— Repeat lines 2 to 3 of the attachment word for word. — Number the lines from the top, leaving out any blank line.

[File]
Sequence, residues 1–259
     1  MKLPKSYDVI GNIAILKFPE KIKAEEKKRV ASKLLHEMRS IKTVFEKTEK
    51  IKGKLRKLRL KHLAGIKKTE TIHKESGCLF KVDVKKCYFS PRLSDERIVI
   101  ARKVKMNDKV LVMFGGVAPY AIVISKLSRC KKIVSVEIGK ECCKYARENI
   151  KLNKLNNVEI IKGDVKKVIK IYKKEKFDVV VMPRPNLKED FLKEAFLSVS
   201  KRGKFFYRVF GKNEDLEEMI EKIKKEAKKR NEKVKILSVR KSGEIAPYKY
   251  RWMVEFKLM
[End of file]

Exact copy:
     1  MKLPKSYDVI GNIAILKFPE KIKAEEKKRV ASKLLHEMRS IKTVFEKTEK
    51  IKGKLRKLRL KHLAGIKKTE TIHKESGCLF KVDVKKCYFS PRLSDERIVI